When maiden special weight to maiden claiming isn't a class drop
When A Horse Drops, but isn't Dropping Class, Explained
You often hear bettors speak of horses dropping in class, or facing easier competition. For example, dropping in class can mean descending from Grade 1 to Grade 2 company, or from a $50,000 claimer into a $30,000 claimer.
Many handicappers consider the drop from maiden special weight to maiden claiming company to be one of the biggest class drops in horse racing. Shifting from a maiden special weight (where champions and Grade 1 winners typically debut) to a maiden claimer (where every horse can be purchased for a predetermined amount) can potentially turn a noncompetitive racehorse into a runaway winner.
But is descending from maiden special weight to maiden claiming always a drop in class?
Not necessary. As counterintuitive as it might seem, some maiden claimers can be tougher than maiden special weights. The key is to analyze where the races are taking place, and whether the maiden special weights include eligibility restrictions.
Let’s highlight an extreme example. At Mahoning Valley in Ohio, a maiden special weight for Ohio-bred fillies and mares sprinting six furlongs on dirt produces a par winning Brisnet Speed rating of 66. In other words, a typical race held over these conditions should see the winner post a 66 Brisnet Speed rating.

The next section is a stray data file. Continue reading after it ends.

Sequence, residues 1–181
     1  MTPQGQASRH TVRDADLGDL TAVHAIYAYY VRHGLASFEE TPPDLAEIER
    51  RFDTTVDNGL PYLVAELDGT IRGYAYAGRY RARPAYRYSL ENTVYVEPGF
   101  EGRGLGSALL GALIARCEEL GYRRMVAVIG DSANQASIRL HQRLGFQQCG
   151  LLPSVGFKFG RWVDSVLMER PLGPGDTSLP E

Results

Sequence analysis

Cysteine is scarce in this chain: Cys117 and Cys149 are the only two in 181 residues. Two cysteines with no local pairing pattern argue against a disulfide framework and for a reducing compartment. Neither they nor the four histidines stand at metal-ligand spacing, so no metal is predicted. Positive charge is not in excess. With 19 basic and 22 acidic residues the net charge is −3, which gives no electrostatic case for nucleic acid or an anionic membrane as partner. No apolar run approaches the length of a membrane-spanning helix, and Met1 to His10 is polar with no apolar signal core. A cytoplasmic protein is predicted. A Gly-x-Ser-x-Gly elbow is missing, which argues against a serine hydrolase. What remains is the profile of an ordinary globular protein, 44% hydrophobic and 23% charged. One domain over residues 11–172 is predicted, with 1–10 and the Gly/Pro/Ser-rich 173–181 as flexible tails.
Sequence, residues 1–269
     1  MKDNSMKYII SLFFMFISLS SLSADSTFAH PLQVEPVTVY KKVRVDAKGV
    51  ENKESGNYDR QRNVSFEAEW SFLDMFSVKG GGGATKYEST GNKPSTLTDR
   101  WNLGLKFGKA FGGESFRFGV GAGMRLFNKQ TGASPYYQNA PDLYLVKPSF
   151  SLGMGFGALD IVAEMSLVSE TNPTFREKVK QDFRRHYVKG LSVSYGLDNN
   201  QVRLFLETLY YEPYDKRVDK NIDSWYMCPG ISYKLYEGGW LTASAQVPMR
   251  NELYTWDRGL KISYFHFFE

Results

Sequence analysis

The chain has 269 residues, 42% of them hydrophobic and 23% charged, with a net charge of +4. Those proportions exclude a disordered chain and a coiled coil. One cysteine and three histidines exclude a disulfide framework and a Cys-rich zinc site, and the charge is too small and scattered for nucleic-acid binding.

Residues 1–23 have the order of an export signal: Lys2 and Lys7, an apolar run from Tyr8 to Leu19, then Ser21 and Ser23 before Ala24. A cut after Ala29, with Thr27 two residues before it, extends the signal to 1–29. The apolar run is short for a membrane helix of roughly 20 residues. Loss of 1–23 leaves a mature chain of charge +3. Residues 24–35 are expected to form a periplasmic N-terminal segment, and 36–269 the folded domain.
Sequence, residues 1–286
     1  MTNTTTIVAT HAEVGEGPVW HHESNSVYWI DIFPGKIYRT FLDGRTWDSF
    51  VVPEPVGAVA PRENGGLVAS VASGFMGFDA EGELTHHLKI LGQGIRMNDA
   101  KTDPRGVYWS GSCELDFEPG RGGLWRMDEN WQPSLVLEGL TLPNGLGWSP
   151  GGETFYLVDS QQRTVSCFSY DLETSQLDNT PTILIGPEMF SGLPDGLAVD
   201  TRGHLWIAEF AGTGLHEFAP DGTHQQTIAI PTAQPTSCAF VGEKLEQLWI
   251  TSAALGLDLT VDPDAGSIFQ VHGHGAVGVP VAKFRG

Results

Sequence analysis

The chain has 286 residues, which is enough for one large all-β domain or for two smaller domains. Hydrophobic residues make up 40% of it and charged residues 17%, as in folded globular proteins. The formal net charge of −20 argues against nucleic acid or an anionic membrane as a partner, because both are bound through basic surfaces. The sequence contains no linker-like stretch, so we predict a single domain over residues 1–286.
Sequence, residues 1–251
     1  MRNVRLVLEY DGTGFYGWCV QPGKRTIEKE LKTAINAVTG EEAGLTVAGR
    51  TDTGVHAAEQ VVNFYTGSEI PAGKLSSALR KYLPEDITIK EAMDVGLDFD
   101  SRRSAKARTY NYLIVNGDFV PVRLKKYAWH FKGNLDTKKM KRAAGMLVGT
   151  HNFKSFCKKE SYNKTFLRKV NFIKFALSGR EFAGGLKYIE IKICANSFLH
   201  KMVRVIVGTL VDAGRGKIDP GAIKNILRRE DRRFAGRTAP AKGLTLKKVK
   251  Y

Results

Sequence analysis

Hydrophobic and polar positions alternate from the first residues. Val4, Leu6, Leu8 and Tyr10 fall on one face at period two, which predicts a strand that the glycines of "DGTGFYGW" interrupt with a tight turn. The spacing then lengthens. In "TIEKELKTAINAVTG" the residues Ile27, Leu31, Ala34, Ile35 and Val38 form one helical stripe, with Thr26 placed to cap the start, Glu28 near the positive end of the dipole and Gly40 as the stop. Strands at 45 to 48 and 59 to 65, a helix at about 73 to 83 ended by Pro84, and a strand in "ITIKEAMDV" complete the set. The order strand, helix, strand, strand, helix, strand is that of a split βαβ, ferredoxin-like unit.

Now contrast this with Santa Anita in California, where some of North America’s best racing takes place. At Santa Anita, a $20,000 maiden claimer for fillies and mares racing one mile produces a par winning Brisnet Speed rating of 76—a full 10 points higher than the maiden special weight at Mahoning Valley.
There are two key takeaways here. First off, maiden claimers at a major track (like Santa Anita) can be tougher than maiden special weights at smaller tracks (like Mahoning Valley). Secondly, restricted maiden special weights (including those open only to horses bred in a certain state) often lack the depth of unrestricted maiden special weights.
The latter point is worth reiterating, because the effect can be seen across races at a single track. Consider Fair Grounds, where a $20,000 maiden claimer for fillies and mares racing one mile on dirt produces a par winning Brisnet Speed rating of 70. That’s higher than the par figure of 69 generated by maiden special weights for Louisiana-bred fillies and mares racing one mile and 70 yards on dirt.
The drop from maiden special weight to maiden claiming company is still an important betting angle resulting in many winners. But it’s important to recognize exceptions where the drop in class isn’t as precipitous as it might appear.